Group prayer is problematic, especially before a mission. The atheist has to choose between violating their integrity and identity by joining in on their prayer, or undermining unit cohesion and outing themselves by opting out. This can get worse if someone in authority (illegally) orders them to join in. Then there's also prayers that are delivered at formation, graduation services at military training camps, and so forth... places where the atheist has no way to opt out. They're essentially being forced to attend a religious service against their will.

Religious members of the military get time off to attend services -- half a day once per week, IIRC. Those who refuse to attend get no time off at all, and essentially have to cover the shifts of those who do get time off. Expect this unequal treatment to stick in peoples' craws. Also, opting out of religious services can out an atheist.

There's also significant policy impacts to atheists. It seems that every five years the generals or civilian leadership go and do something incredibly stupid on the religion front. Recent offenses include a job performance evaluation that included a category rating the military member's "spiritual health", and the Air Force changing their oath for reenlistment to explicitly require acknowledgement of a higher power. I don't know if either of these have been changed back yet. And the chaplaincy itself is an issue, partly because it is seen as a violation of the establishment clause by many secularists, and partly because our ennightened Congress has been barring secular humanists from taking up chaplain roles.

And, of course, there's public perception and statements. The old "no atheists in foxholes" lie dishonors non-believing members serving in the military, minimizing their service, their integrity, and their value as human beings every time it is uttered. Political leaders often say worse under the assumption that all service members are Christian, and others will outright attack non-Christians in the military as being enemy agents or traitors trying to bring America down. Atheists in our culture quickly grow a thick skin (and sometimes a readiness to counterattack) in response to all of this, and I would expect that would be the same or moreso of atheists in the military, but it doesn't stop it from being hurtful.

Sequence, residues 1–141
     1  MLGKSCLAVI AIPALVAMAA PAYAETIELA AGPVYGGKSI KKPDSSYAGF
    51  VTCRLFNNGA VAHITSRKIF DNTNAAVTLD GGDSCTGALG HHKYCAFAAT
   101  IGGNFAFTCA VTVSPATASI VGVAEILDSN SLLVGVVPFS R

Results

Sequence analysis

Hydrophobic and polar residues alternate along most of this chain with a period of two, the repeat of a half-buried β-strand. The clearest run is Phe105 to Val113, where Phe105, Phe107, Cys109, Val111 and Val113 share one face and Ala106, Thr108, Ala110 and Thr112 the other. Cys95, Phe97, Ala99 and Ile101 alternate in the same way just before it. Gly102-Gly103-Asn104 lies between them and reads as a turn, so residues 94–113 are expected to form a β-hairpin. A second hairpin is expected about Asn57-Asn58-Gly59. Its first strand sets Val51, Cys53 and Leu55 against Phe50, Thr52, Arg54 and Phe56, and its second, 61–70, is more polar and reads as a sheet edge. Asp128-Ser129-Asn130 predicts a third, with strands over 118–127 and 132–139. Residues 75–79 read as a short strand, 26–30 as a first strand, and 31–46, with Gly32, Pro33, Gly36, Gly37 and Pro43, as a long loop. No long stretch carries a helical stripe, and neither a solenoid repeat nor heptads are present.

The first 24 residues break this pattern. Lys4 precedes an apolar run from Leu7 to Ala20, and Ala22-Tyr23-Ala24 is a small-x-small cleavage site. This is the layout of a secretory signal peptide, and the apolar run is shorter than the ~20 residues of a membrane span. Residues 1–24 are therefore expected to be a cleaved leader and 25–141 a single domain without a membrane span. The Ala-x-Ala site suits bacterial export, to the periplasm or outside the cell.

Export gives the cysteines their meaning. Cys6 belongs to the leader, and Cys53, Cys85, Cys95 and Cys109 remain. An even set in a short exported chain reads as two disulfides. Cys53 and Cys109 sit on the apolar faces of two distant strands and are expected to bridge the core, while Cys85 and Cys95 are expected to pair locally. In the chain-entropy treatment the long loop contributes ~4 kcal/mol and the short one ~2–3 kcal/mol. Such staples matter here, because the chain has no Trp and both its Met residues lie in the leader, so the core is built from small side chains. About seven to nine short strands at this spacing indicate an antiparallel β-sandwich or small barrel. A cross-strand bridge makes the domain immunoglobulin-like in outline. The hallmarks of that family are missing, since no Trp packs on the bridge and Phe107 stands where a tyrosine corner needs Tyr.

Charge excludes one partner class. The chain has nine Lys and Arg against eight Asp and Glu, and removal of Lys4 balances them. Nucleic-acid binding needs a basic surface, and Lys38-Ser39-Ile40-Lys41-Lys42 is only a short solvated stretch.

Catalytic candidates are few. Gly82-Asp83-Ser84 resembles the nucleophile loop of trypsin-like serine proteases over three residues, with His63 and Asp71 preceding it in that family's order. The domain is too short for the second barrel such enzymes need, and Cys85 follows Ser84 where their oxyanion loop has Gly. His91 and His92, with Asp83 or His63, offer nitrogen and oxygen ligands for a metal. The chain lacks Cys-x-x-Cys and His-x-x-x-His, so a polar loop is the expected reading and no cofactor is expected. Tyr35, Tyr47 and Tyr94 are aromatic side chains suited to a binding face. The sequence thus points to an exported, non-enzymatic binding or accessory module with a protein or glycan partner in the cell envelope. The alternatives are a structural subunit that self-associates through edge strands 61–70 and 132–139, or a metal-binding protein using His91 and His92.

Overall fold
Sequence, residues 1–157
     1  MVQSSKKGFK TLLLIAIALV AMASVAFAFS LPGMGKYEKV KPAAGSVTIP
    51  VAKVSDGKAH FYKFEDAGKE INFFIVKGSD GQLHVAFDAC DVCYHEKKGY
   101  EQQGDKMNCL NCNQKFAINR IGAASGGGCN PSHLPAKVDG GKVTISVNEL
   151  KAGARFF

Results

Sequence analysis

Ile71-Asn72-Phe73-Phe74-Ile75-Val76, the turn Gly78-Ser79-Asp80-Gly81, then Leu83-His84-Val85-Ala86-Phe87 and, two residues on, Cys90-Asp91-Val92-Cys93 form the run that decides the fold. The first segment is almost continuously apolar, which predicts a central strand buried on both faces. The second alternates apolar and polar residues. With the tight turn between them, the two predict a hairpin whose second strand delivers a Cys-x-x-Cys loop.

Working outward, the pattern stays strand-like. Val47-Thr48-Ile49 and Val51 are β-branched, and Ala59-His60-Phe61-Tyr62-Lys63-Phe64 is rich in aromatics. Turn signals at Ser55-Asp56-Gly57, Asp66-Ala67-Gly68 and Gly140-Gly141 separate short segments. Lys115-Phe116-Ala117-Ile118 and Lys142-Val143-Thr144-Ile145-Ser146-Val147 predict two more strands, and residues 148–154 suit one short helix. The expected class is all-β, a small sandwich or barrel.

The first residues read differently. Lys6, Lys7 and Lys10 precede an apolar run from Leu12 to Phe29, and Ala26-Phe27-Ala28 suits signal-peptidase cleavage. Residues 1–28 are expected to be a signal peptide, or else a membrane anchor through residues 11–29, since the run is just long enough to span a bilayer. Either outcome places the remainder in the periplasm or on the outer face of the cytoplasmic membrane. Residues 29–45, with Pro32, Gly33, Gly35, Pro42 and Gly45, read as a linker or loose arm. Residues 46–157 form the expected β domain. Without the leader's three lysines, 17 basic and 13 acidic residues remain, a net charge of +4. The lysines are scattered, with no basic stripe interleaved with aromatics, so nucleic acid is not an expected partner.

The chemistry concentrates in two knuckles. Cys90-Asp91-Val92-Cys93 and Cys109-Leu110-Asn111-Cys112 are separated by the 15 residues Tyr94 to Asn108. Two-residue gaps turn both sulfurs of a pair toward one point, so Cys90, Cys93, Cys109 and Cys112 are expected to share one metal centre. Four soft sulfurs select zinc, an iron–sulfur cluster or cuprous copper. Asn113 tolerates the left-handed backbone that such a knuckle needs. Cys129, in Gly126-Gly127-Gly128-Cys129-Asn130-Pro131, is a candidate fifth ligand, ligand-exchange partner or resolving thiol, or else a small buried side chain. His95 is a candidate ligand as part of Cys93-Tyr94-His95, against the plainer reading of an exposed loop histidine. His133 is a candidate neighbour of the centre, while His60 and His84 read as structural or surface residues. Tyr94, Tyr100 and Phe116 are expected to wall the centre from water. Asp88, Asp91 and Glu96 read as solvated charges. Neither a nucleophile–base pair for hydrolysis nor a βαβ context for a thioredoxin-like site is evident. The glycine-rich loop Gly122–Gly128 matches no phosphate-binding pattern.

What can you do as a chaplain?

The first and foremost thing you can do is accommodate atheists in your duties. Signal, very clearly, that you are willing to leave god out of your conversations, and that you are prepared to keep anything they tell you confidential. Many people will come to you for more secular purposes, and you might find yourself serving as a poor-man's psychologist (in a culture where seeing a real shrink is seen as a bad thing and where it goes in your official jacket) or as the gateway and guide to various services the military offers. Atheists will have family troubles and attacks of conscience the same way that Christians will, but unless you are able (and signal to them that you are able) to administer to their needs, their needs will largely go unmet. Be ready to set aside... not so much the god, as the god-talk when you speak to them. More than that just doing that in the moment, try to get training (or at least a few good books) on how to do for these things without bringing your god into it. Explicitly inform them that you will respect their confidentiality in all things, and that you know that your job isn't to convert them. Allow them to set the tone and the agenda for any meeting. Some will be extremely wary and avoid religious topics (and you) like a plague, while others will be happy as pie to spend a bit of time off debating religion with a chaplain over a couple of beers. Ask yourself how you can make your meeting area more welcoming to them, with fewer overt religious symbols or Bible quotes. View this not so much as something you're forced to abandon, but as a way that you can better serve those who may come to you. A lot of it will come down to signalling and perception. Signal that you're the cool, accepting guy that people can talk to, not the evangelizing crusader on a mission from your god to thump Bibles and indict the ungodly. It's not enough for you JUST to be that cool accepting guy; people won't know it if you don't send out those signals often and loud.